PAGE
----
Which Sites Are Bad for Static Conversion

December 25, 2019 in Static Site Generators
Read Time: 4 minutes
Which Sites Are Bad for Static Conversion

As developers, we sometimes tend to want to throw our latest, new-found tech toy at every problem. After recently converting this blog from a WordPress site to a static HTML site using Hugo, of course I’ve decided to try this elsewhere. Here’s what I learned.

Benefits of Static

There are a lot of examples (1, 2, 3) showing the difference between Static Site Generators (SSG) and a CMS like WordPress. The pros of static sites are easy to see:

  1. They are ridiculously fast. Without all the server-side rendering, it’s easy to see how SSG would be blazing. Heck, you can cache your entire site up at CloudFlare at this point.
  2. They can’t be (easily) hacked. Now, someone getting a hold of your server credentials and replacing your static HTML content is still a possibility.
  3. You need less hardware. Even when loading from cache, a WordPress site can sometimes drag under load. If you’re on a shared host, you can sometimes get those nasty emails that you’re using up too much CPU on the server.
  4. Being static pays. You can get cheap or free hosting. Since no server-side software is needed you can host on things like GitHub Pages, Amazon S3, Azure Blob Storage, Netlify, etc.

When Not to go Static

I won’t go into detail with all the obvious examples:

  1. Data on your site is dynamic: it changes without necessarily having content updates.
  2. You have a web app and not a website.
  3. Your content editors aren’t tech-savvy.

The reason I want to focus on here deals with the theme of the website.

One of the benefits of testing this out on an old blog is I wasn’t attached to what I had before. I had some very basic requirements. Honestly, they were more nice to haves than requirements.

  • I wanted all my content moved
  • I wanted the domain name to be the same
  • I wanted to maintain most of my existing links (wanted to preserve what little SEO there was)

That’s about it. I wasn’t attached to the look at feel of the old site. It was more than time for a makeover anyway. So that made converting a blog relatively easy. I decided to try converting some client websites, but those didn’t go as smoothly.

Converting a WordPress Theme

I found the theme building process much simpler with Hugo that I remember with WordPress. There were so many plugins that enqueued there own JS and CSS that it became difficult to follow what was going on. I ended up giving up on that and just focusing on the HTML output while viewing the page. This got me mainly what I wanted. I was able to extract Hugo partials for a header, footer, and body relatively easily. This process reminded me of how messy WordPress HTML output is, due to the amount of flexibility it gives you. So far, so good.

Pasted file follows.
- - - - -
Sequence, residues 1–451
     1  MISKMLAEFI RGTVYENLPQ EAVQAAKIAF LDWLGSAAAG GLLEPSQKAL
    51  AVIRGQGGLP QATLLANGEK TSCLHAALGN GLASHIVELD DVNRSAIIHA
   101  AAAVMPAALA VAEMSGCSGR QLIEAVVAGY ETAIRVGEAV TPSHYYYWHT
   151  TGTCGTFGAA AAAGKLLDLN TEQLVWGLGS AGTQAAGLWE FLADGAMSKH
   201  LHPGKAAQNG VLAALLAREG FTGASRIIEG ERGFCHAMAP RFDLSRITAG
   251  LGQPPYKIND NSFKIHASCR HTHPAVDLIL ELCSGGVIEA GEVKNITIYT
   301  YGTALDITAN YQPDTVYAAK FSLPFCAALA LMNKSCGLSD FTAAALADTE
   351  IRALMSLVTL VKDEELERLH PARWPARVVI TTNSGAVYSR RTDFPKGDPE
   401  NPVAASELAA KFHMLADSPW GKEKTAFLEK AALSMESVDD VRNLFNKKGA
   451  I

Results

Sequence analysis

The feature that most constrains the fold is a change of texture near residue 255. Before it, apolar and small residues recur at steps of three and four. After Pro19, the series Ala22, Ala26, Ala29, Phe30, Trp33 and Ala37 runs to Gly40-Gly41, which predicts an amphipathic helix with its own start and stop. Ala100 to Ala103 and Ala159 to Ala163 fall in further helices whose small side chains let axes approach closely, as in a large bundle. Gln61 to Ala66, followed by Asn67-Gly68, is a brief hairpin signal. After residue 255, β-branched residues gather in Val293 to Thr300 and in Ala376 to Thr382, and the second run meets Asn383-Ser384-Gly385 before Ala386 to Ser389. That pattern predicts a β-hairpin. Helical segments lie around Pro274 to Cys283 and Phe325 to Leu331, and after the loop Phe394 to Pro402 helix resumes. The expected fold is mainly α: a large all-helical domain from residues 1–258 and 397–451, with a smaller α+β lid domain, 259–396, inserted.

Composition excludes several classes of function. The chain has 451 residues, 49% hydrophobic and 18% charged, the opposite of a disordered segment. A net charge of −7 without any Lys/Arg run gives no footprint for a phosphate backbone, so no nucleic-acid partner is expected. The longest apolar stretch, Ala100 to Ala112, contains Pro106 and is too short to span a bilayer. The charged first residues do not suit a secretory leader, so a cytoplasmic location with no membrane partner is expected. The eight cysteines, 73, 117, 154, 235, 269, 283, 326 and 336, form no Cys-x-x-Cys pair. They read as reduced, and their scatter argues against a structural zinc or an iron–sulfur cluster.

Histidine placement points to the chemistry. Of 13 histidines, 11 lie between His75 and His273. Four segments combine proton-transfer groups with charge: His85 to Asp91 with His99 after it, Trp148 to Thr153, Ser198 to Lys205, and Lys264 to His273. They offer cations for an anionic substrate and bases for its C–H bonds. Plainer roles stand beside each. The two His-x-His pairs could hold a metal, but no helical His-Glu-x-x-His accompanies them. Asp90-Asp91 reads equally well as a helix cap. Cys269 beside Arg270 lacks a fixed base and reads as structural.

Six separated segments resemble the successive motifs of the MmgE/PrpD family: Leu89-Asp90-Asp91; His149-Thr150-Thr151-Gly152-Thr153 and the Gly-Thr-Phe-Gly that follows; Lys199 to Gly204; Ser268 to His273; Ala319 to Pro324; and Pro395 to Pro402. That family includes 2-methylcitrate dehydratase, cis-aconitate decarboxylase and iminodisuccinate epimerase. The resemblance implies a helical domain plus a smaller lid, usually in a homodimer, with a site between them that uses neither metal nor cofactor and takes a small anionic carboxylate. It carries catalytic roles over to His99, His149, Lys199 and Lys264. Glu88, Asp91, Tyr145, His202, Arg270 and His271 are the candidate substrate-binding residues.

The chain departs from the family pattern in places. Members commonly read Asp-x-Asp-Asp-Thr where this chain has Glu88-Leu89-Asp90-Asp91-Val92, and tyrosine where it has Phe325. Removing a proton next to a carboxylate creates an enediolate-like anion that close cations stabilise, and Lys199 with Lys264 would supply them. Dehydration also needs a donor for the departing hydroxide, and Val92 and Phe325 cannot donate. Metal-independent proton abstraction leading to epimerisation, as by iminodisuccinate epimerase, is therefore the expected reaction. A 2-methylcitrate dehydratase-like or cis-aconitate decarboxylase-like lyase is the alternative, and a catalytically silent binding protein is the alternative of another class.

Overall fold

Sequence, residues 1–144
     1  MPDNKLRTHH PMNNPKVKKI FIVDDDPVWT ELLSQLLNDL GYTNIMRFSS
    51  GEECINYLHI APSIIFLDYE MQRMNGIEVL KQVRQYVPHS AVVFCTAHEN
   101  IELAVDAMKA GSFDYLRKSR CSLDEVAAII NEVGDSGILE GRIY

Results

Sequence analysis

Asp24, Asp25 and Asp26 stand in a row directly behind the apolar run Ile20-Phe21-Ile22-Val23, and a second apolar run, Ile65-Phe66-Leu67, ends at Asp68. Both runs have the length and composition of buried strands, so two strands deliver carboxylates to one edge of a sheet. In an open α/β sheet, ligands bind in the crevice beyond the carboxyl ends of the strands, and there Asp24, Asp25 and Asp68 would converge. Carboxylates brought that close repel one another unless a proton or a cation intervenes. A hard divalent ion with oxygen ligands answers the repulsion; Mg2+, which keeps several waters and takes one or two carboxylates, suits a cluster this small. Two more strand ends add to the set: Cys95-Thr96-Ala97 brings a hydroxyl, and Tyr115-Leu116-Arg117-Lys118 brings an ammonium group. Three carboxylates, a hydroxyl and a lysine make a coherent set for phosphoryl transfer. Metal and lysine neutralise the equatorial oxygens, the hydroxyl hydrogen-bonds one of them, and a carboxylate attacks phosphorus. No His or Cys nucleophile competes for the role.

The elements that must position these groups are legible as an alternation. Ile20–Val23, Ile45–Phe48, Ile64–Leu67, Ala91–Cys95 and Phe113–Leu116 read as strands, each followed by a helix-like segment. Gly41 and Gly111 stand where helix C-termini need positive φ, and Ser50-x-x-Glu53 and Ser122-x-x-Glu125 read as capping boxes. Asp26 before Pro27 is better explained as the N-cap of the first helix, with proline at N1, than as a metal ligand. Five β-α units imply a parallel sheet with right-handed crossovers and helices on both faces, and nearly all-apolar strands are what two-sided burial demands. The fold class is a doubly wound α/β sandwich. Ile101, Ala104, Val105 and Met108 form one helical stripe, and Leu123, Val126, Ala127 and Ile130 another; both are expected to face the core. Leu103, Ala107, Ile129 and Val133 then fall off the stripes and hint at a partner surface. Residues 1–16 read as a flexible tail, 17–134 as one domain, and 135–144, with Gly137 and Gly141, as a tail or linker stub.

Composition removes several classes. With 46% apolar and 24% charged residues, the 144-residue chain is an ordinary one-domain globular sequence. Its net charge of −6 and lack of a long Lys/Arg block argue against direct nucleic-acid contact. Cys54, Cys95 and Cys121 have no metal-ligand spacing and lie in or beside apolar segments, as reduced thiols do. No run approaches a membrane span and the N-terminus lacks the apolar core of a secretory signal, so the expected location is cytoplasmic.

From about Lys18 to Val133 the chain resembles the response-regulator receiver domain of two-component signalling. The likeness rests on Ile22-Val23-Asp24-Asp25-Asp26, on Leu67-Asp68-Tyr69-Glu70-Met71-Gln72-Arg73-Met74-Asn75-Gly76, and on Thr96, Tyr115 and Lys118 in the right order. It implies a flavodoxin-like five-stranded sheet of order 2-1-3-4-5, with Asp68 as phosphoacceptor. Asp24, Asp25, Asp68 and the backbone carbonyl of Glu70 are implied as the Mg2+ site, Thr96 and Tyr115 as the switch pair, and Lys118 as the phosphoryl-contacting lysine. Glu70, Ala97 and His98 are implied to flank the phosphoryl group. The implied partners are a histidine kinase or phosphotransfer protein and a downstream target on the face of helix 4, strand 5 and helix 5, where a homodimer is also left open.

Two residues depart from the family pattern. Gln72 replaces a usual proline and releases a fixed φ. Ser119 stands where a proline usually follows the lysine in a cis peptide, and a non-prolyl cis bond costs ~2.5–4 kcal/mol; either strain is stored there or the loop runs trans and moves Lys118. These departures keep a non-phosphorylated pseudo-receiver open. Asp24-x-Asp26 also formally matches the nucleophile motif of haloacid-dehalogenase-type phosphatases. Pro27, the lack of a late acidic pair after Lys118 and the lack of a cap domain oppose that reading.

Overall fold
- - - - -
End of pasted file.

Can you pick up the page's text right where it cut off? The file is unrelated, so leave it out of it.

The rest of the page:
Things quickly fell apart when it came to content pages. The websites I tried to convert would fall under the category of small business website. The pages on these sites just didn’t fall nicely into the Front Matter and Content schema as easily as something like blog posts would.

The content of those pages was littered with HTML markup for all sorts of things:

  1. Image Sliders. These would typically live on the homepage.
  2. Call To Action buttons.
  3. Sections. A way to break up a long page, typically found on your “Single Page” type websites.
  4. Other specifically styled elements.

In most of my WordPress sites, these pages usually were born from something like Divi Builder, Visual Composer, and more recently, Gutenberg. These tools give you amazing flexibility without having to do a lot of theme or template editing. Everything is visual, everything is drag, drop, edit and publish. You can add full-width sections, image slide galleries, content separated in different columns, etc. It’s great for a CMS. But horrible when trying to recreate these things. The HTML markup generated is horrible.

So, for these pages, my options were limited. I could abandon Markdown and copy and paste the generated HTML. Markup be damned, I guess. Or I could build each of these pages as it’s own Hugo template and still have all the markup.

By far, the worst option would be to attempt to recreate what the WordPress page builder was doing in Hugo shortcodes.


In the end, I’m thinking these small business websites might not be great candidates for a Static Site Generator. Ignoring the fact that a business owner probably wouldn’t be tech-savvy enough to use these, the verbatim conversion of the themes posed a lot of challenges.

If I was forced to, a better (and more time consuming) approach would be to use individual templates for the pages. Identify the various blocks of data and implement those using the Hugo Data for the site. But in the name of quick and dirty, we could just dump the markup into a Hugo Template file. Not the most maintainable or pretty, but it would get the job done.


comments powered by Disqus